Review: A Clear Road

Laura Peatman 5 May 2012

A Clear Road

ADC Lateshow, 11pm, until Sat 5th May

In the director’s notes of the rather elusive programmes for this ADC lateshow, Harry Baker calls his new work a “strange beast of a play”. With all due respect, I’d like to correct him: this is, in fact, an impressive beast of a play.

Taking on both the writing and directing duties must be no easy task, but both the script and its execution were equally absorbing and exquisitely balanced between comedy and heartbreak. Set in an ambiguous time period and location, in the aftermath of a devastating war, ‘A Clear Road’ follows the journey of a recently reunited brother and sister taking their deceased father to burial, only to become caught up in the seemingly futile but ongoing scraps of lingering soldiers and partisans. That might make it all sound a bit bleak and heavy, but there are some genuine laugh-out-loud moments here, primarily stemming from the siblings’ bickering and from Matthew Clayton’s turn as Blue, whose idealistic affection for ‘The Cause’ was poignantly funny. Helena Fallstrop also provided some early laughs as a bitter and sarcastic bridgekeeper, and it’s a shame her contribution had to be confined to only the first scene.

In previews and press releases there has been many a mention of the large coffin on wheels which dominated the stage for much of the show. I admit, I expected it to be gimmicky at best and cringe-worthy at worst; yet in fact it proved an effective dramatic tool as the alternating reminiscences and arguments of Peter and Jean took place across the looming presence of their father’s body, whilst the appearance of the soldiers heralded a new feel to the play as the Chief indifferently leapt onto it to enforce his dominance. Perhaps not a subtle move, but an effective one.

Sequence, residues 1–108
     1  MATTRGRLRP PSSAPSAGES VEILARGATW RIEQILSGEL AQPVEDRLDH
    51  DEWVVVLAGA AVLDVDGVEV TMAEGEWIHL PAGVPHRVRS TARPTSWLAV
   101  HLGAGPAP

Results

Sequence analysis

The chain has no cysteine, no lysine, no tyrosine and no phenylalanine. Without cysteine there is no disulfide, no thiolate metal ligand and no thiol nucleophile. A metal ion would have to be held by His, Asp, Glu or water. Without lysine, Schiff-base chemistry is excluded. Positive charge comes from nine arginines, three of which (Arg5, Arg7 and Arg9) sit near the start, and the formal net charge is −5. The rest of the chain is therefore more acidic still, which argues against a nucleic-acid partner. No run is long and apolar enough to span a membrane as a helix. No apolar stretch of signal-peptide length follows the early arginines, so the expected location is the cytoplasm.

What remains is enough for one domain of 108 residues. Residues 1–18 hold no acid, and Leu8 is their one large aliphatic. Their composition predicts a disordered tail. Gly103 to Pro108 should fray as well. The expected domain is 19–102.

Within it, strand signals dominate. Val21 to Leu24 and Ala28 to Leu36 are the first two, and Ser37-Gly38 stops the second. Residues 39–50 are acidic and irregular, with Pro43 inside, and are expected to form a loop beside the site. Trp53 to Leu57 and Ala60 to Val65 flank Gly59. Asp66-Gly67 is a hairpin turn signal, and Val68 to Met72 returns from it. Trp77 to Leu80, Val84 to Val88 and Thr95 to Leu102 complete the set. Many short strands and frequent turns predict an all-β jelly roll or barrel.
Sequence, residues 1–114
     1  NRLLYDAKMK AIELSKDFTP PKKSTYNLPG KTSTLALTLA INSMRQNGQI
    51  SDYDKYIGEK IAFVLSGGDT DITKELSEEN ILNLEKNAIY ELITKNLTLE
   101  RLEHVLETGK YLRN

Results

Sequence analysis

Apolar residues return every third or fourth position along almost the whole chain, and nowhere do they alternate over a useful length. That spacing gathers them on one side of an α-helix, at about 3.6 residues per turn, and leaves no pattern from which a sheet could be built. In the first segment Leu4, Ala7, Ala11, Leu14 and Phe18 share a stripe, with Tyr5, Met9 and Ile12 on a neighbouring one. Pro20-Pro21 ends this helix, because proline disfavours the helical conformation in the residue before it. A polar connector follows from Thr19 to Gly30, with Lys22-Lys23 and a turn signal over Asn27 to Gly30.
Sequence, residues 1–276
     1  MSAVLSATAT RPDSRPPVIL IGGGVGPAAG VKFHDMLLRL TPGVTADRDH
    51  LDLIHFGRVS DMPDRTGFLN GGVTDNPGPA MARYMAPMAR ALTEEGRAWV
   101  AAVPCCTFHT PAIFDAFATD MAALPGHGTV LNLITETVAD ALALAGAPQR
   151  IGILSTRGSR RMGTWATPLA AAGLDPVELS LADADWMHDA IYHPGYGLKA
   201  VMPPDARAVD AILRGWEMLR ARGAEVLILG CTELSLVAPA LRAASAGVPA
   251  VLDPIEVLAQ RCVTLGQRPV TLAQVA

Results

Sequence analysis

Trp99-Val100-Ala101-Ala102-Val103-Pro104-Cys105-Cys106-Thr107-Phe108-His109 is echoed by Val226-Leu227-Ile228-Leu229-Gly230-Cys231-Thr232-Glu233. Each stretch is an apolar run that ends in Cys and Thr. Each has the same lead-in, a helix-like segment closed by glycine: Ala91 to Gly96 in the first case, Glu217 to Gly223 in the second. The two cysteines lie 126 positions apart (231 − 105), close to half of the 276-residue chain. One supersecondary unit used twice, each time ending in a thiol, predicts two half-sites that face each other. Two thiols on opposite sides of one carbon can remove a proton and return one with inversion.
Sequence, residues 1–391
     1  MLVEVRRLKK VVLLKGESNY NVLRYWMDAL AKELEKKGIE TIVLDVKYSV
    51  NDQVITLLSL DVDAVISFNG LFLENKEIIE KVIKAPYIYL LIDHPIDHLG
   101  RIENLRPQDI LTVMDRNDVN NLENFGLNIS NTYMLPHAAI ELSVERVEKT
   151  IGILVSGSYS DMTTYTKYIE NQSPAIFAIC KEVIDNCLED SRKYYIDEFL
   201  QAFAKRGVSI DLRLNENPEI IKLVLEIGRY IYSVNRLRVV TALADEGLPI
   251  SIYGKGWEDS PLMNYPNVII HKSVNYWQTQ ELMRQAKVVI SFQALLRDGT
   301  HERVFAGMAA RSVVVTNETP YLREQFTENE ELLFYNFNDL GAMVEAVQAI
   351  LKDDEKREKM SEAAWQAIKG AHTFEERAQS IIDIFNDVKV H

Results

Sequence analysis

A set of generally strong performances was led by the wonderful Hugh Stubbins as Peter and Olivia Stocker as Jean. Stubbins in particular gave a controlled but nuanced portrayal, allowing enough insight into his bitterness and disillusionment without allowing the frequent changes of emotional pitch to become melodramatic. It was this sibling relationship which for me made the play a success, as their dialogue explored familial strains and resentments without drowning in schmaltz or angst. Although the battle-worn trio of the Chief, Blue and Red (Julian Mack, Matthew Clayton and Ryan Ammar) were entertaining in their respective strength, comedy and arrogance, the supposed tension and danger of their situation never quite became tangible, which diminished the potential of the injection of brusque realism which arrived in the form of Mary (Chloe France).

Yet overall, this was a well-constructed and adeptly performed piece. Whilst the imagery of Peter and Jean’s search for a ‘clear road’ may have been a little obvious, Baker’s script did an impressive job of exploring subtle emotional tensions whilst maintaining a strong plot arc, something which is often lacking in student writing: unlike other new dramas which sometimes come to the stage here, this was not only thoughtful and poignant, but also told a structured and entertaining story, making for a refreshing and enjoyable new work.

Laura Peatman